For years we’ve been talking about going out to Flores (a slightly-off-the-beaten-track barrio of Buenos Aires) and searching for Korean food. Apparently there’s been a Korean community in Flores for decades, but it isn’t a touristy destination like Chinatown; it’s totally the opposite. Most of the restaurants are not well marked, most of the neighborhood’s signage is only in Korean, and we heard that outsiders are not overly welcome and restaurant owners are reluctant to unlock their doors for non-Koreans (in Buenos Aires most restaurants are locked and you have to ring a doorbell to be let in). Apparently there is a notoriously impoverished and dangerous shanty-town right next to the Korean neighborhood, which means it’s not the safest area to go wandering around aimlessly. Additionally, it’s a long-ish trip to get out there and we didn’t even know exactly where to go, so it’s been hard to get motivated to make the trip out there, knowing that we might never find a restaurant, or might get turned away hungry. Then a few weeks ago my friend Heather mentioned she’d had a good meal in Koreatown and gave me some directions for how to get there.
So, Saturday morning we did a bit of online research (see helpful links below) and we set out with high hopes and only a bit of apprehension. It turned out to be an easy and DELICIOUS trip! We took the A line of the subte (blue line) out to the end of the line, the Carabobo stop. We walked down Carabobo towards the autopista 25 de Mayo and crossed under the highway, and soon started seeing signs in Korean and a few restaurants with their doors open! The neighborhood was definitely quiet and felt kind of deserted, but there were delicious lunchtime smells wafting about. We ended up at Han Gu Kuan, 2135 Saraza just around the corner from Carabobo. The old guy at the door gave us a bit of stink-eye (perhaps because we arrived at 2:00, which is a bit late for lunchtime) but he let us in, and the friendly waiter immediately started bringing us food! They have a set menu, which makes it easy, no decisions to make! We started out with a bowl of medium-spicy soup with tofu, then came a plate of deep-fried sweet potatoes, a small iceberg-lettuce salad, a platter of delicious rice noodles with beef and shredded veggies, and the usual huge array of small dishes with kimchi and Korean tapas-style snacks: eggy potato salad, fried fish, spicy bean sprouts, VERY spicy watercress salad, mysterious fishy things and oniony things and savory things and spicy things, plus a large bowl of cold, cloudy liquid with slices of giant-radish-like things in it. I probably should know what that was but I have no idea. THEN arrived the MOUNTAIN of marinated beef! I honestly think they gave us lunch for 4 people, even though we were just two. There was SO much food and a WEALTH of beef. They put a bucket of hot coals into our tabletop grill and we spread our own raw beef strips on there and it was SO DELICIOUS! the other Korean restaurants we’ve been to in Buenos Aires gave small portions of beef Gulgogi and we always leave wanting more beef! This time it was difficult to finish all the beef, but it was so so so delicious we managed to eat it all. Finally, they brought a few mandarin oranges for dessert. All this, along with a half-liter of Quilmes beer and a huge bottle of Sprite, turned out to cost $100 pesos even. Not terribly cheap, but totally worth it. We kind of had the feeling that we got the old “Gringo Tax” (that is, the same meal would’ve cost less if we were locals!) but it was still a great deal. I really want to go back again, like, tomorrow! I could totally see myself going back every single weekend, it was soooooooo good. Definitely even better than Bi-Won, which was previously our favorite Korean place in Buenos Aires.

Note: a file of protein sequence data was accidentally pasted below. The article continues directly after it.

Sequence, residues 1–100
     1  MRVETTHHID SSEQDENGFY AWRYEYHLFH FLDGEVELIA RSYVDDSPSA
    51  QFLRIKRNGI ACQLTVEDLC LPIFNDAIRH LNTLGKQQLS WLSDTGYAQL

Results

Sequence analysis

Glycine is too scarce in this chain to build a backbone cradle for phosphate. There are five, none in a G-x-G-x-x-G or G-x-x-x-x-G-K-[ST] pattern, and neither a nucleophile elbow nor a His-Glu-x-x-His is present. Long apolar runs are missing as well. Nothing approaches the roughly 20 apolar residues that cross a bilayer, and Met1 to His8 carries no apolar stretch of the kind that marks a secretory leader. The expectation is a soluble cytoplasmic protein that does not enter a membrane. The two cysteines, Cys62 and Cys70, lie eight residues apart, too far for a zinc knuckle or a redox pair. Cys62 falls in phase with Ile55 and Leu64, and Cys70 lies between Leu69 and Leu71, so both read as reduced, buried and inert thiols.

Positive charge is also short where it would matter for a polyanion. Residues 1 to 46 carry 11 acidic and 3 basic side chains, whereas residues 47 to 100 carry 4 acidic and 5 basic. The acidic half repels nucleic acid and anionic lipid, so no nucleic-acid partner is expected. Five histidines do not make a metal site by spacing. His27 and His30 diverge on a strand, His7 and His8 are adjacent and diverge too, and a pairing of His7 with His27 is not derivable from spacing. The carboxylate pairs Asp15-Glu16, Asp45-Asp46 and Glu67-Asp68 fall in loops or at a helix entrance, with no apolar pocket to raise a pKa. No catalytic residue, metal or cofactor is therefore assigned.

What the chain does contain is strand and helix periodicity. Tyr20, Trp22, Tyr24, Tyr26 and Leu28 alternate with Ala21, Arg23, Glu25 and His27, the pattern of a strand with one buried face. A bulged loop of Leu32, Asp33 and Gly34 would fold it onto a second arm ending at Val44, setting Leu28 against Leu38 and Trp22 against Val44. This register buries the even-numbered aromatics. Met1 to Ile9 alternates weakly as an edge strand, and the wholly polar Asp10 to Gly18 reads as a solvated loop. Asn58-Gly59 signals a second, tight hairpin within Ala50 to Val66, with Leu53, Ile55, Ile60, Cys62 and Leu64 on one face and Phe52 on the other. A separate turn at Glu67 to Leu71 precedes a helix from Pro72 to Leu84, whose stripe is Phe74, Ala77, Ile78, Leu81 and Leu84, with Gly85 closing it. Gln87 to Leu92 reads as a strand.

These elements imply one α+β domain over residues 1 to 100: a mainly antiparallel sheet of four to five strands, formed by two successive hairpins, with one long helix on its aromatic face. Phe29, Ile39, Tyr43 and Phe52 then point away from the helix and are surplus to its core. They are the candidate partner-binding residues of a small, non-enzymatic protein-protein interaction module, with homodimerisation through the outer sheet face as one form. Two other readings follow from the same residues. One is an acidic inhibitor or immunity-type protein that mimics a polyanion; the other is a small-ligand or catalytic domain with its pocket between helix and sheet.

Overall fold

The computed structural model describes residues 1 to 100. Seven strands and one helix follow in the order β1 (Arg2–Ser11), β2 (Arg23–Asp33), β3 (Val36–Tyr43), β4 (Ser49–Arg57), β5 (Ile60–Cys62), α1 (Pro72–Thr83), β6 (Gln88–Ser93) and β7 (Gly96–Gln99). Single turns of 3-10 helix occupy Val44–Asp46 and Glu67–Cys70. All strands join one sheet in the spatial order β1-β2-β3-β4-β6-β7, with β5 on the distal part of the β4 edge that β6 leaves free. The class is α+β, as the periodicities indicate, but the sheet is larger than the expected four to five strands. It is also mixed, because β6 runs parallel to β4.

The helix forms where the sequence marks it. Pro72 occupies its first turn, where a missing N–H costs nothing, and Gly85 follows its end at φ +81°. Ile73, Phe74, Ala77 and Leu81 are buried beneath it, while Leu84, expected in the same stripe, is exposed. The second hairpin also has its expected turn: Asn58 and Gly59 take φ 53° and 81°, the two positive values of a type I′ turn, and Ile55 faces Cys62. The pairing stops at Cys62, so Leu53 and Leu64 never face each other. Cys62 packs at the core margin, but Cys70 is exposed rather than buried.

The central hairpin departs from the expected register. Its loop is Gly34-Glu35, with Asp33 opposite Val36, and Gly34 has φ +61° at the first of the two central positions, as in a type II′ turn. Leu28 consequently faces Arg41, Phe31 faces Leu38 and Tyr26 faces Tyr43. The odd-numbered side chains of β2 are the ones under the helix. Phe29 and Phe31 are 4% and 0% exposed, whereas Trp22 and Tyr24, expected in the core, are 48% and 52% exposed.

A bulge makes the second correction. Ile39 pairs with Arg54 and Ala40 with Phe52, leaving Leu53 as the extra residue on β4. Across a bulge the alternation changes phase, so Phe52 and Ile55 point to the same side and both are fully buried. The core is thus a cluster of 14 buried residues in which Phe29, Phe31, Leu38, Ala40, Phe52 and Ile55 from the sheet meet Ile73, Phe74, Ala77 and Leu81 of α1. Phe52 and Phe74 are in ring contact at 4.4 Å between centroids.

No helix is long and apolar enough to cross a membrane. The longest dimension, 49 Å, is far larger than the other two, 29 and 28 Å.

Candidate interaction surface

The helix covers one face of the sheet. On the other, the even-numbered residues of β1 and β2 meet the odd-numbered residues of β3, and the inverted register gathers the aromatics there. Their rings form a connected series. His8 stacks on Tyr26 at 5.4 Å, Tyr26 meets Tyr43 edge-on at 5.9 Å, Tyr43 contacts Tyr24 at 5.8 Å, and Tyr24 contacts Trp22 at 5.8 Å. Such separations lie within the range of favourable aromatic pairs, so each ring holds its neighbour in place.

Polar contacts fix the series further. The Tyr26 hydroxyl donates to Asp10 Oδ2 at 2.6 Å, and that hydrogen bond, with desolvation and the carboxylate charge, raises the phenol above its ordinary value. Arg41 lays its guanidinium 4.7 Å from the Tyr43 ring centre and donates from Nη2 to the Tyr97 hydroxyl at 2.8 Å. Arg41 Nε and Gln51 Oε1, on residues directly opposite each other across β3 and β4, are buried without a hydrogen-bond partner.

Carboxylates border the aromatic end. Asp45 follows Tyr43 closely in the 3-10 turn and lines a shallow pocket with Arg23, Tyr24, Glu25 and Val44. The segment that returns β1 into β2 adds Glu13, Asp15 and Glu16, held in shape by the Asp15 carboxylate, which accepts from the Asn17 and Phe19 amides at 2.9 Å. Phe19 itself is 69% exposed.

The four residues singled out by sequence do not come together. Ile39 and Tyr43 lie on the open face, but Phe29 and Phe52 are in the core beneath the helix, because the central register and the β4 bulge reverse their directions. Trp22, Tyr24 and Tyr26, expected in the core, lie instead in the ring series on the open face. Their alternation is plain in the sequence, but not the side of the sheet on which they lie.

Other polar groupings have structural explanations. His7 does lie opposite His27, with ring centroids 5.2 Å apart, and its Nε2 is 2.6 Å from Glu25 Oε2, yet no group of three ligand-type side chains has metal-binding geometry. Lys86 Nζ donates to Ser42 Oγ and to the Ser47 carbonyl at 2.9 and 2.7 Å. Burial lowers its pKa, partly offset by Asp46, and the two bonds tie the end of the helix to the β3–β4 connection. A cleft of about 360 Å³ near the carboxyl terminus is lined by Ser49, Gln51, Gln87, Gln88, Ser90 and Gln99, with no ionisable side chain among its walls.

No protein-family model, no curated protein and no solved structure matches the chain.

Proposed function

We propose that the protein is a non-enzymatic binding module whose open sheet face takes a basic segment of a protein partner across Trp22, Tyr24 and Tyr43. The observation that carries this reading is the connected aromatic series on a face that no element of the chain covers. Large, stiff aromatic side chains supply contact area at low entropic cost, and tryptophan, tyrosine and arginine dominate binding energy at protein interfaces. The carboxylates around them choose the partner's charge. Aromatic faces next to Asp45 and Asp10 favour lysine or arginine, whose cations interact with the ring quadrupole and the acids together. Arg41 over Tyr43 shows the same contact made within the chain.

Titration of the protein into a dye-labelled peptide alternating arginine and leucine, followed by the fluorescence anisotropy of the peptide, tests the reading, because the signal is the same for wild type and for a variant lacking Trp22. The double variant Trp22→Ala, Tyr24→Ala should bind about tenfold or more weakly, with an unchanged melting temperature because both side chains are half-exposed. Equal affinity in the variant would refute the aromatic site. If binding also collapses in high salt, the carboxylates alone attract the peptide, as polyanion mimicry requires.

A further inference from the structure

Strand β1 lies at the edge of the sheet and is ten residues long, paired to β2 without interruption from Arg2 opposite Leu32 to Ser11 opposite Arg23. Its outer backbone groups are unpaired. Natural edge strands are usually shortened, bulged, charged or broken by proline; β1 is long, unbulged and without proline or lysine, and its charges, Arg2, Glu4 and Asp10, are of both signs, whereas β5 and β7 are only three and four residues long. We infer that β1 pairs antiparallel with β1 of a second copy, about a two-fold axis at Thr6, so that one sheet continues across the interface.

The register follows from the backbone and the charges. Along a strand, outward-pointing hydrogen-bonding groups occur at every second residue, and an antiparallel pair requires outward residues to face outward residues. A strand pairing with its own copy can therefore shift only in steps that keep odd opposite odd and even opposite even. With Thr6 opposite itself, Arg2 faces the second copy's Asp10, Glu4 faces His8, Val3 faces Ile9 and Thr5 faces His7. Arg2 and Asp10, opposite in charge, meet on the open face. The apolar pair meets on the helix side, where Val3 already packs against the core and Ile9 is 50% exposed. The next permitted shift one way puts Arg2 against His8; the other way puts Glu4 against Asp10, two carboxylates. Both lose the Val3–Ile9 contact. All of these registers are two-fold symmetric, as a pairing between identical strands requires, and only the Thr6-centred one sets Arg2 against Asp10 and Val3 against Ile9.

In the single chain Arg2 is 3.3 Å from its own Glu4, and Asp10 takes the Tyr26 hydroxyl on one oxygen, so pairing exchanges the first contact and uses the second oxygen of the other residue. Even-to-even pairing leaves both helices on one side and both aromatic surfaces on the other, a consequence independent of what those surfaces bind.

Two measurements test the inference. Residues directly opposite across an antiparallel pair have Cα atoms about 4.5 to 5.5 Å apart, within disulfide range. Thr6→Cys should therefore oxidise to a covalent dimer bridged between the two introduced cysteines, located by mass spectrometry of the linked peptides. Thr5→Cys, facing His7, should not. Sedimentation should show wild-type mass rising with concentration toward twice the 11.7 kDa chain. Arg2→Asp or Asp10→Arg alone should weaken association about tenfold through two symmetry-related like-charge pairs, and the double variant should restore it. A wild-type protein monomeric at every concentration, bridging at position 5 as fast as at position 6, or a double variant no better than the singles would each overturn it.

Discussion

here are a few relevant links we came across:
We were advised that Avenida Castañares is the avenue that divides the Barrio Coreano from the nearby villa, so one might want to think twice before wandering further in this direction.